Transportation incidents cited as leading cause for uptick in work-related deaths in Colorado

New data from the Colorado Department of Public Health and Environment mirrors a deadly trend for workers across the country.

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A car that has been spun off the road and almost into the Cherry Creek Trail near Speer Boulevard and 8th Avenue. (Kevin J. Beaty/Denverite)  accident; car crash; cherry creek trail; speer boulevard; kevinjbeaty; denver; colorado; denverite;

A car that has been spun off the road and almost into the Cherry Creek Trail near Speer Boulevard and 8th Avenue. (Kevin J. Beaty/Denverite)

New data from the Colorado Department of Public Health and Environment mirrors a deadly trend for workers across the country.

Eighty-one workers died on the job in Colorado during 2016. Fatal injury cases in the state were up by about 8 percent, or six people, from 2015, according to the Colorado Census of Fatal Occupational Injuries data shared this week.

The data shows the uptick in people dying at work increased at a faster rate than the national average.

The U.S. saw a 7.3 percent increase — 354 more people — in the number of workers who died in 2016 compared to the year prior. Altogether, 5,190 people died marking at least an eight-year high for the nation, according to the Bureau of Labor Statistics.

Colorado had the 39th lowest fatal injury rate per 100,000 full-time workers out of all 50 states, according to BLS. The director of the Center for Health, Work & Environment at the Colorado School of Public Health in Aurora, Dr. Lee Newman, said we could still do better.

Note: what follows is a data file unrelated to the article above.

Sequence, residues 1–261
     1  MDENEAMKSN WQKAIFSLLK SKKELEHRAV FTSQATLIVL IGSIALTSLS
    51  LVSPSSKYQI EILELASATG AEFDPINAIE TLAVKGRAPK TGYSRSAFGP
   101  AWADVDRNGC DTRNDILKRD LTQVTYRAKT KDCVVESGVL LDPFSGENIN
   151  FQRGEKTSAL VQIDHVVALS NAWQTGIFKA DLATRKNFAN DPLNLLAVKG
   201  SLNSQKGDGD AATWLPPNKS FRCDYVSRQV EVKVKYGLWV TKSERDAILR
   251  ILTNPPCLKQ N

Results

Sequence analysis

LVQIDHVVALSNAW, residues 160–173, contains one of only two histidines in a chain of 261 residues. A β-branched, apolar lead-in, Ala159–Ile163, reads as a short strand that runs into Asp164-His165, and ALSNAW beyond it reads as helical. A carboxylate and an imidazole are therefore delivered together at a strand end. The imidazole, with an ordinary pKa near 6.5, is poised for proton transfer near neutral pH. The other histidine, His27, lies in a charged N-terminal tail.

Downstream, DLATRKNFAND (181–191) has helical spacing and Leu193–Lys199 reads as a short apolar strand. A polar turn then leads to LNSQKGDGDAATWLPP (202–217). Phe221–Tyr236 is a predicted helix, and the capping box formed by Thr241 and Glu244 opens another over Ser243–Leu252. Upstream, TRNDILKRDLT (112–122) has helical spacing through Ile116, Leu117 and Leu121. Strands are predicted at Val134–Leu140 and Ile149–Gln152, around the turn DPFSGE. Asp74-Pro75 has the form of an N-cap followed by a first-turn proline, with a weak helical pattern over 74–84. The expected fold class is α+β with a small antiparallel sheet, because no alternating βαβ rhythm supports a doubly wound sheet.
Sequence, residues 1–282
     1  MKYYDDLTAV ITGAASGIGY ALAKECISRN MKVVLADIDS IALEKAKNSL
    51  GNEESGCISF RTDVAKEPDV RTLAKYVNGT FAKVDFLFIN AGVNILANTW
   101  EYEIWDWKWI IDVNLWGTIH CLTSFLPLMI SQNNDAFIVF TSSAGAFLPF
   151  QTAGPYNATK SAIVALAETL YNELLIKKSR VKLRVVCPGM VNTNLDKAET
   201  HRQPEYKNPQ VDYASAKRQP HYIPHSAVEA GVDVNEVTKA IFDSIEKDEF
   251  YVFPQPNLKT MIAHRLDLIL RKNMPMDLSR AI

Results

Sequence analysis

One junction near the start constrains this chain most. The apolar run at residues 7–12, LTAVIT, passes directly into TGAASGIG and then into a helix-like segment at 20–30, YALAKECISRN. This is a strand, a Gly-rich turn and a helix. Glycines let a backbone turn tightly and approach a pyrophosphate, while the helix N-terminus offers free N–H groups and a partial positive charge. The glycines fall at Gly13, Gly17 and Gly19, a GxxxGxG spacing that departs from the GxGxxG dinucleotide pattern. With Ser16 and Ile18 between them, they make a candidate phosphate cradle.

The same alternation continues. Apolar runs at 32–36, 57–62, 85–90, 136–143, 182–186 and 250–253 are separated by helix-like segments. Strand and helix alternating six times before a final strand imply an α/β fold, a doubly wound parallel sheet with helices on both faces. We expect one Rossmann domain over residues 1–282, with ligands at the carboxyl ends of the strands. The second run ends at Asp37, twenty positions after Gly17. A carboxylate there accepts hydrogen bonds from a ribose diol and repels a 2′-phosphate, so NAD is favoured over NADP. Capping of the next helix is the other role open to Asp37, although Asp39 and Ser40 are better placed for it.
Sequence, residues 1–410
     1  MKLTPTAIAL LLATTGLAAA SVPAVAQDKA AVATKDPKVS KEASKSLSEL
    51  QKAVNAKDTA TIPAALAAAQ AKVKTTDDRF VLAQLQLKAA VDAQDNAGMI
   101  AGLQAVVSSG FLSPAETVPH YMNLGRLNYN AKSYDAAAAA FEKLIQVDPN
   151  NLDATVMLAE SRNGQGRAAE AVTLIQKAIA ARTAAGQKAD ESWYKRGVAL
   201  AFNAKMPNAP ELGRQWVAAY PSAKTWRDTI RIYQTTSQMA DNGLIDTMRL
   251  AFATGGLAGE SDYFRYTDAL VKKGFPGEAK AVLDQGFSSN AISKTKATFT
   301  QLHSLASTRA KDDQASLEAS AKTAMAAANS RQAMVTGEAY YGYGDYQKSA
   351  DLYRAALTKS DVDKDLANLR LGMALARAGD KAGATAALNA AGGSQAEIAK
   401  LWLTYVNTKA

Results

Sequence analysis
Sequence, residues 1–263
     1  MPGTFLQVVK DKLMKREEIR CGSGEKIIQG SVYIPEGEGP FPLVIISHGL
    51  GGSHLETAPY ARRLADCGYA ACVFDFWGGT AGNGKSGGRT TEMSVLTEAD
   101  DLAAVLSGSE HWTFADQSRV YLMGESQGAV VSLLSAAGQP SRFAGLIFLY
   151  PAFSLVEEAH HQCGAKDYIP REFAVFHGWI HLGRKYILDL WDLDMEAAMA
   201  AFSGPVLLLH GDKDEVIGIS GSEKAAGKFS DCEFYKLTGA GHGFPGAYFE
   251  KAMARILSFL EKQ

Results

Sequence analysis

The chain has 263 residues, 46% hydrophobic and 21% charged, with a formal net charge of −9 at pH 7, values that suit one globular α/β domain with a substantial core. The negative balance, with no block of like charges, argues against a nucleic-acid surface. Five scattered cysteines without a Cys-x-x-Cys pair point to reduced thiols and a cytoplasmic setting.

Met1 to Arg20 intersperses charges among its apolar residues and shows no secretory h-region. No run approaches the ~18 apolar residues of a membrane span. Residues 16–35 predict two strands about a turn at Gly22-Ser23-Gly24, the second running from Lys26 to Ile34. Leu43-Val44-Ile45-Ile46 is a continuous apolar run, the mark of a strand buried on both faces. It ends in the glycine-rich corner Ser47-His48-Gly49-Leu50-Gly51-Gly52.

“One preventable workplace fatality is one preventable workplace fatality too many,” Newman said. “As a doctor, I can tell you I’ve seen enough suffering among workers who get injured on the job to say we should be aiming for zero.”

Newman said getting to zero includes collecting data on all workplace injuries and providing that number to the federal government. The state could then use those numbers to analyze what types of jobs and industries are the most dangerous and need to make improvements.

Colorado is one of six states that does not provide injury and illness counts to the feds along with Idaho, Mississippi, New Hampshire, North Dakota and South Dakota.

“I see it as a major problem here in Colorado that we don’t report the non-fatal injuries,” Lee said. “About 45 other states have figured out it’s worthwhile to be collecting the information, sharing the information and tracking it. But Colorado, to my knowledge, has never done that which means we’re missing the boat in terms of understanding the true impact of work-related injuries on the health of Colorado workers.”

Transportation-related deaths continued to be the leading cause of work-related deaths in Colorado and the nation.  In 2016, 48 Colorado workers died in traffic incidents — another eight-year high.

Transportation deaths in 2016 were up from the 10-year average of 39.7 deaths. However, overall work-related deaths were down from the 2007-through-2016 average of 87.8 cases.

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Business & data reporter Adrian D. Garcia can be reached via email at agarcia@denverite.com or twitter.com/adriandgarcia.

Topics

work-related death, Josh Kroenke

Organizations

CDPHE